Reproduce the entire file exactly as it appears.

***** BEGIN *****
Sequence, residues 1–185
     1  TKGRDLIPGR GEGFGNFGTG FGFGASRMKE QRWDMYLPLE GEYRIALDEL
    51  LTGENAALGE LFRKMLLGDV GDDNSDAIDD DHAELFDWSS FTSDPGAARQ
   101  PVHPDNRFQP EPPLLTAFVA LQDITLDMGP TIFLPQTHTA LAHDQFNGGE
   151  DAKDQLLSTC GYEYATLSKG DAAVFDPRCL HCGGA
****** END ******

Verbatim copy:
Sequence, residues 1–185
     1  TKGRDLIPGR GEGFGNFGTG FGFGASRMKE QRWDMYLPLE GEYRIALDEL
    51  LTGENAALGE LFRKMLLGDV GDDNSDAIDD DHAELFDWSS FTSDPGAARQ
   101  PVHPDNRFQP EPPLLTAFVA LQDITLDMGP TIFLPQTHTA LAHDQFNGGE
   151  DAKDQLLSTC GYEYATLSKG DAAVFDPRCL HCGGA